This coming Tuesday marks six months since that terrible day. The initial blitzkrieg is over, giving way to a slower attrition war in southern Ukraine. While the situation is no less dire, democratic governments may find it harder to convince their populations of this as they grapple with soaring energy and food prices. This is a good time to take stock of the results of the war, in six points from our many chronicles of writers around the world.
1. The innocent toll is painful
Although the worst month of civilian casualties seems to be behind us, hundreds of Ukrainian civilians continue to lose their lives each month and many more are injured:
2. Millions of refugees are scattered across Europe
Before the start of the war, it was estimated that between 1 and 5 million refugees could flee Ukraine. This prediction turned out to be too conservative. There are currently around 6.7 million registered refugees scattered across Europe, not counting those who have returned home – UNHCR has recorded around 11 million border crossings from Ukraine and 4.7 million crossings to the country.
3. Global support for Ukraine is fading
The horrors unfolding in Ukraine have brought the democratic world and its public closer together. In the UK, where I am based, Ukrainian flags are still flying as a sign of moral support. Governments sent billions of dollars to Ukraine in military, humanitarian and financial aid and imposed sanctions on Putin and his enablers.
But that hasn’t stopped the bloodshed and, as the editors point out, public support will wane as the war drags on, especially as nations struggle to deal with domestic issues such than the soaring cost of living. In a May poll of 10 European countries, 42% of respondents said their governments paid too much attention to Ukraine compared to their problems.
4. Putin is winning the energy battle
Of course, many of Europe’s problems stem from the same enemy as Ukraine’s: Putin. While it sends bombs into Ukraine, it also succeeds in militarizing energy supplies.
The outlook for energy markets is quite bleak. Javier Blas writes that whichever indicator you use, Putin is winning the energy battle. Russia still earns hundreds of millions of dollars every day selling oil to fund the invasion. That means it can afford to forgo revenue from natural gas sales and put even more pressure on Berlin, Paris and London, which are bracing for massive energy price increases and shortages. Germany’s benchmark electricity price for the year ahead has climbed to a record high over the past six months and shows few signs of slowing down:
Germany has done a good job of filling its gas stocks, with a target of 95% filling by November now looking achievable. But Julian Lee says the risk of a cold, dark winter plagued by power outages remains very real for many on the continent. That’s because physical availability is only one part of the equation, the other is price – and that gets tricky. Kosovo is already imposing power cuts after its distributor ran out of money to import electricity from Albania. Over the next six months, it’s likely more countries will follow suit – the UK is already predicting blackouts in January.
5. Switzerland is still neutral, and that’s good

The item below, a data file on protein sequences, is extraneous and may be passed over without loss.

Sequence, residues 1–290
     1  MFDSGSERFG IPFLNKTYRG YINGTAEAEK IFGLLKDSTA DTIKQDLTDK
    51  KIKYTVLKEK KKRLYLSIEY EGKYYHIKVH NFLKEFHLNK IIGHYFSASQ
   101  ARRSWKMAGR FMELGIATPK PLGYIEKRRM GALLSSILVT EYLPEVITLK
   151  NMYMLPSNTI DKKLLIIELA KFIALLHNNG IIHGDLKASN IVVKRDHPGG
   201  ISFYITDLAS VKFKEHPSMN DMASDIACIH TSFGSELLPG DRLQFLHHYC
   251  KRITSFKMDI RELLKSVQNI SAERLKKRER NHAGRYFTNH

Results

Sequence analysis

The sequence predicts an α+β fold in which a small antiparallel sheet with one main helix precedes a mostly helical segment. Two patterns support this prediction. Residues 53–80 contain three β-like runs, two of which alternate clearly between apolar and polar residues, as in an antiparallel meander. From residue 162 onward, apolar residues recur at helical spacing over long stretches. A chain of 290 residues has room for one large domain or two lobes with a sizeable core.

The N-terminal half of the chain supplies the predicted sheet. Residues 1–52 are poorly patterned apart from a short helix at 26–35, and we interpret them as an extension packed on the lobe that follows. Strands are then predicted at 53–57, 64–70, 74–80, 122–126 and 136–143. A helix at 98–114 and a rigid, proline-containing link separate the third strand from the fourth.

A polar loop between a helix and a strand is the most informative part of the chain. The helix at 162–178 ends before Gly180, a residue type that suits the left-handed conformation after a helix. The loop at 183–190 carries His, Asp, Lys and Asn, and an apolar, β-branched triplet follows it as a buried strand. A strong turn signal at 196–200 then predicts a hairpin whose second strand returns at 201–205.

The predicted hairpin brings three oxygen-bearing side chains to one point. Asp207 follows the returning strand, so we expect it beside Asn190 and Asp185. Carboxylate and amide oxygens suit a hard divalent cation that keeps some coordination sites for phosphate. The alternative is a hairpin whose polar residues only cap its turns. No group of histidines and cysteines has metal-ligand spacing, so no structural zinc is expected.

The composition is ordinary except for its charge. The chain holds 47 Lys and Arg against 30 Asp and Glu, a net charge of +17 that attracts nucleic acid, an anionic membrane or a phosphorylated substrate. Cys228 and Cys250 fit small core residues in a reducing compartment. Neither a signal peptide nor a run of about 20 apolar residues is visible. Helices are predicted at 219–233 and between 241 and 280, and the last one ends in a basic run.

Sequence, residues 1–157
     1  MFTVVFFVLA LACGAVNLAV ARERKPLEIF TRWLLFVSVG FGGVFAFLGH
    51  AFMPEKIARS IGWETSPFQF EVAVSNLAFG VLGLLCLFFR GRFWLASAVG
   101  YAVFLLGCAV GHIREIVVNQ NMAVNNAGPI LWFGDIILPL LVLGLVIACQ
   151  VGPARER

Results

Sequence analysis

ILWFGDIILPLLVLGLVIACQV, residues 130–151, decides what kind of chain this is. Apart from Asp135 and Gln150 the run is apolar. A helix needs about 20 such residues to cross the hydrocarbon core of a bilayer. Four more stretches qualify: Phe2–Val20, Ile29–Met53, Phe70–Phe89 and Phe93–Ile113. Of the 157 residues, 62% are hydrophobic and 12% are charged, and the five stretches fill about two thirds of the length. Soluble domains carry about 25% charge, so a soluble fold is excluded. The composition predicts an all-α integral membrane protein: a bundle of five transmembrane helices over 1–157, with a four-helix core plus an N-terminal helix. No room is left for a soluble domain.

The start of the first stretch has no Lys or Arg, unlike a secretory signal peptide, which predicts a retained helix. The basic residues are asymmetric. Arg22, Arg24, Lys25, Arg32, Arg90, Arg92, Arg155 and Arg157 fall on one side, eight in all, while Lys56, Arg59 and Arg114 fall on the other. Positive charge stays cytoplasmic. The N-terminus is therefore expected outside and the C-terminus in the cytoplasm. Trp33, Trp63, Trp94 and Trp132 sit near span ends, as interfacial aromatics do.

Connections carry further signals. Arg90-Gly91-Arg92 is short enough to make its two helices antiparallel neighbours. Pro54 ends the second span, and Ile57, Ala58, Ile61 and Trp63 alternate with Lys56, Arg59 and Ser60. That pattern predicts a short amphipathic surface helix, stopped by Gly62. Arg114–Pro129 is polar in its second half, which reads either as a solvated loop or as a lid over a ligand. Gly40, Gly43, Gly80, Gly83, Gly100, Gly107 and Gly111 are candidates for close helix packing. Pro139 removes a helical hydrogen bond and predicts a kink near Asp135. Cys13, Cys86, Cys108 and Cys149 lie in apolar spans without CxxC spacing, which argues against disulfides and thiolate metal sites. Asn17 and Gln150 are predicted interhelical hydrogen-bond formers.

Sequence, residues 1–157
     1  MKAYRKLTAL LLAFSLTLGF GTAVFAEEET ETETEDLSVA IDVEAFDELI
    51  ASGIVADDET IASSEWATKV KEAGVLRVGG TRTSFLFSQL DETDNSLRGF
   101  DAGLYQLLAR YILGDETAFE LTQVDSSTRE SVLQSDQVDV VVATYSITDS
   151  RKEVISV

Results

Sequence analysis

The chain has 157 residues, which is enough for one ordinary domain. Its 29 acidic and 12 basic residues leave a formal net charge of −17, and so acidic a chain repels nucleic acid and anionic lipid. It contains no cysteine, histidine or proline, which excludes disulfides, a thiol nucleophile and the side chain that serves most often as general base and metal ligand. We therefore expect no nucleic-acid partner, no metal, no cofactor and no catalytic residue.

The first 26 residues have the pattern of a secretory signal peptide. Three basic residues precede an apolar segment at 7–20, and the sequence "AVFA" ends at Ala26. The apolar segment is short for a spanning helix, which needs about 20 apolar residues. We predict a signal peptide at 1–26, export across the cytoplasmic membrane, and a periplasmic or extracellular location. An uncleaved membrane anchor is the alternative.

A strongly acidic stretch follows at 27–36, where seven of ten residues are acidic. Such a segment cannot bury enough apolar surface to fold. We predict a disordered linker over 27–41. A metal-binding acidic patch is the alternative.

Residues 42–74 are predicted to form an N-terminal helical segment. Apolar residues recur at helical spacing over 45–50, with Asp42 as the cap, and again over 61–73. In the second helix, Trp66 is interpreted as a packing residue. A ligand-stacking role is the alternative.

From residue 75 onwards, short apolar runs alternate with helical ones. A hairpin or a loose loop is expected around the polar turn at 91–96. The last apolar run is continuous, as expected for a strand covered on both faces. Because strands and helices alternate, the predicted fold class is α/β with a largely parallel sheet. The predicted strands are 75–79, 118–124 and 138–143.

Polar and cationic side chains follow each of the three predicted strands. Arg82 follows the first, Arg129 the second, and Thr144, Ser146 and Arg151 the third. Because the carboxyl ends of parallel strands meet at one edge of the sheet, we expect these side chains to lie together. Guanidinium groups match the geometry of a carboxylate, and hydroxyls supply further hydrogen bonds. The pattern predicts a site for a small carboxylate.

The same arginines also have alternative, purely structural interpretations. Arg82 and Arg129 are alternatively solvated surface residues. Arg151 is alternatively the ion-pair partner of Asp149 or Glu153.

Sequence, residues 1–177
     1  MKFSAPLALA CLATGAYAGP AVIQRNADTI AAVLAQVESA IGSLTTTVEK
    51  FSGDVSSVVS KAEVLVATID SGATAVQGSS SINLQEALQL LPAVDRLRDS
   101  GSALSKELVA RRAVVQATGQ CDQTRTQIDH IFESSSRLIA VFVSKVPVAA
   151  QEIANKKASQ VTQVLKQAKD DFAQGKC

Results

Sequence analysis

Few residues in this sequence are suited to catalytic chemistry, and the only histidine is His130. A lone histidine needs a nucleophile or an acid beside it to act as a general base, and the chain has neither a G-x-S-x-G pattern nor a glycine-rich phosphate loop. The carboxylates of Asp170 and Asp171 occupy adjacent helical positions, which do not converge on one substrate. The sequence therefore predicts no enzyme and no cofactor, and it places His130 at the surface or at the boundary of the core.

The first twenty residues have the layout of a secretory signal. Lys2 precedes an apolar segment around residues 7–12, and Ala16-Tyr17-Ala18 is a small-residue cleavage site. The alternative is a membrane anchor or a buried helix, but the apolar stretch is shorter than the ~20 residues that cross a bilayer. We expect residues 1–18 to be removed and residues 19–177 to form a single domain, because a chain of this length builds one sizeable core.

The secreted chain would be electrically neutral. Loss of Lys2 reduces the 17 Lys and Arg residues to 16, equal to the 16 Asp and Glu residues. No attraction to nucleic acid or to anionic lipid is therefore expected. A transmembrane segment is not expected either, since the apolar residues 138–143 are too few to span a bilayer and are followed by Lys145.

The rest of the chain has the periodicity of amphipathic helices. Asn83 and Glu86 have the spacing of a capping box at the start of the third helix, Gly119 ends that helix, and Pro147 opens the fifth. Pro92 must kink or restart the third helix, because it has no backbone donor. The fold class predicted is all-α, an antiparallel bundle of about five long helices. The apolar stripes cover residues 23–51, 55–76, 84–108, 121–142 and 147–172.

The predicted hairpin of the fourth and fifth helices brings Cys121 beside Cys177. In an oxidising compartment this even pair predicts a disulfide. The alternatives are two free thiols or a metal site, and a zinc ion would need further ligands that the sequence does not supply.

The position of the democratic world against the Russian atrocities raises a delicate question about one country in particular: Switzerland. Neutrality has been part of the Swiss national identity for centuries, but can it really remain neutral and claim democratic and humanitarian values in the face of this invasion? Andreas Kluth says it has to. After all, peace will eventually have to be negotiated, and for that, a truly neutral framework is essential. Lake Geneva is currently the best option we have.
6. The next six months will be very different from the first six
What next? On the subject of war, Hal Brands wrote earlier this month that the war was now entering a decisive third phase. To recap, phase one was Russia’s blitzkrieg failure and phase two was Moscow’s push to seize the entire Donbas region along the border.
The third phase will include a Ukrainian counter-offensive in the south. If he can regain enough territory, time will be on his side. It will be as much a question of psychology as of tactics.
Putin, meanwhile, has been so focused on reinventing the past and surviving the present for six months that he has forgotten about the future. So far he has managed to maintain apparent public support:
It’s mainly because the Russians don’t expect to pay the price for this war. But it’s inevitable that reality will eventually bite, says Clara Ferreira Marques – and hard. The country faces a future of shoddy products with low safety standards, paltry foreign direct investment and declining real incomes. McDonald’s, for example, has been replaced by Vkusno i Tochka, but there are no fries.
It is reminiscent of the end of the Soviet Union, if it ever really ended. The union itself may cease to exist, but war is only the latest and worst of its death pangs. Brands explains that Ukraine’s declaration of independence in 1991 contributed to the initial dissolution of the regime. It is sadly symbolic that Ukraine is now at the center of Putin’s desperate attempt to reassert Russian dominance.
It’s safe to say that the past six months have changed countless lives – and the world order – immeasurably. The only thing to say for sure is that the next six months threaten to do the same.
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Lara Williams is social media editor for Bloomberg Opinion.
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